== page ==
On Monday, 2 December 2013 hundreds of millions of people around the world went online to do their Christmas shopping. Dubbed Cyber Monday or Mega Monday depending on which side of the Atlantic you live or which credit card you use, it is the busiest day of the year for online shopping.

As people went online that Monday morning, they would have been greeted with a torrent of ads and emails promoting deals and savings from a huge array of retailers, who paid millions to get those ads in front of eager shoppers.

But one retailer more than most was filling online news pages that day – and it didn't pay a penny for the promotion.


Amazon had just revealed that it was testing a system of delivering packages to customers within minutes of them placing their order using unmanned drones. The reaction was, as expected, widespread and breathless.

The future was here. It was a paradigm shift in online retailing. It was going to change everything.

Except it isn't, it was all just a huge marketing ploy by Amazon to make it the most talked-about company on the one day of the year that really matters.

Even a luddite would have been able to spot the gaping holes in Amazon's proposed system yet most publications (ours included) completely ignored these in the face of such good story.

Predictable response

This week we have seen another 'revolutionary' Amazon development talked about at length in the press. Amazon will soon be able to predict what you are going to buy and ship it to you before you even complete the sale online.

Once again coverage of Amazon's latest 'innovation' has been widespread, despite the news being based on nothing more than a patent filing which Amazon has not commented on.

The system - which Amazon may already have in place – sees popular items shipped to local depots, so when you do finally click on the Buy button, the item will be shipped faster - it's not so much a 'revolutionary' change as a pedestrian update to Amazon's continuing effort to speed up delivery time so you will buy more of its products.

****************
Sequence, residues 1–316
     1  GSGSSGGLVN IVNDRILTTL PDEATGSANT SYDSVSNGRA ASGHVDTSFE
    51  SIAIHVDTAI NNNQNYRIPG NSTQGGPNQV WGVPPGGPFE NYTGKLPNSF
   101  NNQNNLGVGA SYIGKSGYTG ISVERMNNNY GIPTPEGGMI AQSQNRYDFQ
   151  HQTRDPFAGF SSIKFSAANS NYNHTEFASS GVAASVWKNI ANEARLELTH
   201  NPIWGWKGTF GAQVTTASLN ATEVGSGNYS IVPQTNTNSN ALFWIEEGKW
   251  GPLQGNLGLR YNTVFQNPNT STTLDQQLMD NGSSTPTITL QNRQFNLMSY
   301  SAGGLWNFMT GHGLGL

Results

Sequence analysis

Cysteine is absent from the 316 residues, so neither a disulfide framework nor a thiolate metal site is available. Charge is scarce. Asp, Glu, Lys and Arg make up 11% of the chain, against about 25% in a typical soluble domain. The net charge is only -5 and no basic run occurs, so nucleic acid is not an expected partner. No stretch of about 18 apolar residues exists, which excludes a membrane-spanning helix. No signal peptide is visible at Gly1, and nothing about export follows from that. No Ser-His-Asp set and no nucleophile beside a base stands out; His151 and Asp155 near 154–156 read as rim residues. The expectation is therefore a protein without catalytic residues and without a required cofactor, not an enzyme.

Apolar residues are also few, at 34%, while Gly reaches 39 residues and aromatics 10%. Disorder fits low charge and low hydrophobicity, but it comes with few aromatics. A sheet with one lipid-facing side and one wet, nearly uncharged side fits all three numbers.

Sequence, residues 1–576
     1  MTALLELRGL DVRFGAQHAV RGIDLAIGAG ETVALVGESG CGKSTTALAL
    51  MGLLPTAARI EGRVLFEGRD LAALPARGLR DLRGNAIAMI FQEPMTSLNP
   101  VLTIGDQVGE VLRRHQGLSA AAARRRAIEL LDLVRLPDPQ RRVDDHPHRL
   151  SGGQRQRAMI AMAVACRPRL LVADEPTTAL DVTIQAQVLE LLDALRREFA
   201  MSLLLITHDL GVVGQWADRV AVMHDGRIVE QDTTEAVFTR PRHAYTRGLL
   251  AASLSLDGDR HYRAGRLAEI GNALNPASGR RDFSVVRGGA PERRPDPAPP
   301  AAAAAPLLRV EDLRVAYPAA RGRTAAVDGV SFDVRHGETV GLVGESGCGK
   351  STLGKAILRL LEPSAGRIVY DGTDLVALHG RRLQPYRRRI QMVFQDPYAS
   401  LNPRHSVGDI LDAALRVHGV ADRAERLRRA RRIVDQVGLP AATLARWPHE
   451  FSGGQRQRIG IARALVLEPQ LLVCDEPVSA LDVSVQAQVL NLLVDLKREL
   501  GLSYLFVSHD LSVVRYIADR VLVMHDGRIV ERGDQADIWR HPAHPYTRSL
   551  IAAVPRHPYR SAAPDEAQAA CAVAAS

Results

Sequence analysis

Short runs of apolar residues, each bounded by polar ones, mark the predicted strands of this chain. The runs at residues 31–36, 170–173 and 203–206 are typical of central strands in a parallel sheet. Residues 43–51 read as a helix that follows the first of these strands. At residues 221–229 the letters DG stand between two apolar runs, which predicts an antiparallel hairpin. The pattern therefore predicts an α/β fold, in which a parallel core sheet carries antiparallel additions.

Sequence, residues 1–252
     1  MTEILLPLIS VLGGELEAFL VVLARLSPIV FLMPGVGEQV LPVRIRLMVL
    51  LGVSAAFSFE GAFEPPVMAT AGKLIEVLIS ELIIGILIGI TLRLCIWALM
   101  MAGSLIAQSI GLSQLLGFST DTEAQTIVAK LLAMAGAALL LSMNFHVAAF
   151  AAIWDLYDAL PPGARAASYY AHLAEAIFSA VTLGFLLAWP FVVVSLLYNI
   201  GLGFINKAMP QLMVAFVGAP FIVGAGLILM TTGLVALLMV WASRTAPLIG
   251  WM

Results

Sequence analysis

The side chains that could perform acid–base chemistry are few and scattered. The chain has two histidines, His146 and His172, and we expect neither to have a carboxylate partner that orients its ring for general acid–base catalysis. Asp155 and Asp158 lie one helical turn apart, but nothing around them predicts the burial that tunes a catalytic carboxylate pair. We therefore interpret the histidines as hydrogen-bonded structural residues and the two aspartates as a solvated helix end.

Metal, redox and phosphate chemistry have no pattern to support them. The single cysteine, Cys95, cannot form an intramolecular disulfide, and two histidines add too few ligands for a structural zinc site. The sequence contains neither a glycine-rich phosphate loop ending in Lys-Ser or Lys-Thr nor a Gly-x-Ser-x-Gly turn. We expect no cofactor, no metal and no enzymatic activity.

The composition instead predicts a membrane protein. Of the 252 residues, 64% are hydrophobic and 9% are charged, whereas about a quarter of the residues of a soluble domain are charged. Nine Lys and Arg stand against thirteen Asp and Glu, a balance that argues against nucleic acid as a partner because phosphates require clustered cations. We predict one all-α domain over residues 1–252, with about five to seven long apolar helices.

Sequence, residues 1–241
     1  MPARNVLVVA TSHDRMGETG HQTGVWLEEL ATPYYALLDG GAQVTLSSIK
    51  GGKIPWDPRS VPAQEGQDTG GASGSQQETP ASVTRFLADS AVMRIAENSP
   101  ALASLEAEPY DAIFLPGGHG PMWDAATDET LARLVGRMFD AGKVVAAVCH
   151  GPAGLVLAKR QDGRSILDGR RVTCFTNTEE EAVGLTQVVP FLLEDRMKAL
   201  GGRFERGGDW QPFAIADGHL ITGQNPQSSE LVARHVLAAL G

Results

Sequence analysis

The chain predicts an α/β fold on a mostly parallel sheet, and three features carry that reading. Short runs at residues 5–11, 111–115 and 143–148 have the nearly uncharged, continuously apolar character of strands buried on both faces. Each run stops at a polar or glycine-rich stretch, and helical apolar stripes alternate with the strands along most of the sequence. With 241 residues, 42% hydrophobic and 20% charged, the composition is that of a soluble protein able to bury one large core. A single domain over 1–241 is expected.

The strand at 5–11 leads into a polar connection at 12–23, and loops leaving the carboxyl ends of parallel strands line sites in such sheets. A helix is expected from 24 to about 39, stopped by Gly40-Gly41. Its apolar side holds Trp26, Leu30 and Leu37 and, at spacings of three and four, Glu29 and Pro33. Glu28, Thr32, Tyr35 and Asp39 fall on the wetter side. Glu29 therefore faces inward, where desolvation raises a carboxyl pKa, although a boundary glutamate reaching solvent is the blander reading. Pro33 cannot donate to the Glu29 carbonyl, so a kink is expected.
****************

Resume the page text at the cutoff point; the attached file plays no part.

And yet Amazon's name is all over the press – both mainstream and tech – and while the company may not have promoted this new feature itself, by failing to comment it is playing the game perfectly, allowing for wild speculation and theorising.

Cat nip

But why is Amazon such cat nip for newspapers, websites and journalists?

Some of the reason is down to its enigmatic founder Jeff Bezos, whose unique leadership style has become (in)famous inside and outside the company. Ever since he established Amazon to be 'The Everything Shop' in the late 1990s, Bezos has held an iron grip on the company which has seen Amazon survive the dot com bubble bursting, and thrive during the recent economic downturn.

Creating a mythology around himself and his company may not have been a marketing tactic from the outset, but Amazon and Bezos now actvely cultivate it in order to keep people talking about the company even when there is nothing of substance to talk about.

In that respect Amazon is very much like Apple, which has used the mythology which has built up around Steve Jobs to create an almost cult-like following for its iProducts.

And while there is nothing inherently wrong with what Amazon is doing with its delivery drones and predictive delivery, the next time you see the latest wild story about Amazon's products, just stop of a second and ask yourself is this just another marketing ploy?